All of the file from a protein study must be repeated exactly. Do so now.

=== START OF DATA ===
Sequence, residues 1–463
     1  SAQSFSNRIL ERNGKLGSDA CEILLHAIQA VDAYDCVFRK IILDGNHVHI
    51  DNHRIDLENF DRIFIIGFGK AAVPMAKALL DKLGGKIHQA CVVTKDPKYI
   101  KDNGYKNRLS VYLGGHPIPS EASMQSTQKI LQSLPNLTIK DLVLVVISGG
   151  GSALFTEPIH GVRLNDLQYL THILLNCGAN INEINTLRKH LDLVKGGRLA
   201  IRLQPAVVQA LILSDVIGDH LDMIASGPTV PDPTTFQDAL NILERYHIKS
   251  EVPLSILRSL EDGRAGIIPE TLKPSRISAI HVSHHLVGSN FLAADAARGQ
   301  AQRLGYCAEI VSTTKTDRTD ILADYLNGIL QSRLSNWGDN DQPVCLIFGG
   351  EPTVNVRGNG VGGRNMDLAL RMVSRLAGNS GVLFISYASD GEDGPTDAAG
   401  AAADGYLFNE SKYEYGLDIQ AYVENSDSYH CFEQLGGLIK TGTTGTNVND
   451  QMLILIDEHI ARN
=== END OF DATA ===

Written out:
Sequence, residues 1–463
     1  SAQSFSNRIL ERNGKLGSDA CEILLHAIQA VDAYDCVFRK IILDGNHVHI
    51  DNHRIDLENF DRIFIIGFGK AAVPMAKALL DKLGGKIHQA CVVTKDPKYI
   101  KDNGYKNRLS VYLGGHPIPS EASMQSTQKI LQSLPNLTIK DLVLVVISGG
   151  GSALFTEPIH GVRLNDLQYL THILLNCGAN INEINTLRKH LDLVKGGRLA
   201  IRLQPAVVQA LILSDVIGDH LDMIASGPTV PDPTTFQDAL NILERYHIKS
   251  EVPLSILRSL EDGRAGIIPE TLKPSRISAI HVSHHLVGSN FLAADAARGQ
   301  AQRLGYCAEI VSTTKTDRTD ILADYLNGIL QSRLSNWGDN DQPVCLIFGG
   351  EPTVNVRGNG VGGRNMDLAL RMVSRLAGNS GVLFISYASD GEDGPTDAAG
   401  AAADGYLFNE SKYEYGLDIQ AYVENSDSYH CFEQLGGLIK TGTTGTNVND
   451  QMLILIDEHI ARN